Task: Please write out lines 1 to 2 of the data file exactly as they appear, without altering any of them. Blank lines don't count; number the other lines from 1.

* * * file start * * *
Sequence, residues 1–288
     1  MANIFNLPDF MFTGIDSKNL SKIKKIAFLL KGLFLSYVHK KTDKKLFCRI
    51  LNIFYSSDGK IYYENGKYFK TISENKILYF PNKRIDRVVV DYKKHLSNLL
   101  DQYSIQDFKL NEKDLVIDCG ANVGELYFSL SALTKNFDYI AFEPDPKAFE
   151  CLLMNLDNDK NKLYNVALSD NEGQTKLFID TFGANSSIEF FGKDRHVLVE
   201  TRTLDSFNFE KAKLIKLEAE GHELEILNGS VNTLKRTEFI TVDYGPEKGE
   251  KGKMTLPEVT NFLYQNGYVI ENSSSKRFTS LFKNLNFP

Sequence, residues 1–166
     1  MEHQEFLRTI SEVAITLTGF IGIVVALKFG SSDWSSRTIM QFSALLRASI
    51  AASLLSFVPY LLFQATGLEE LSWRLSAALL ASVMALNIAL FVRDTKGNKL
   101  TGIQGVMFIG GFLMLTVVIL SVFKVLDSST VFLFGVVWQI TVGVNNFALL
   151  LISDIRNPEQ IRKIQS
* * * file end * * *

Sequence, residues 1–288
     1  MANIFNLPDF MFTGIDSKNL SKIKKIAFLL KGLFLSYVHK KTDKKLFCRI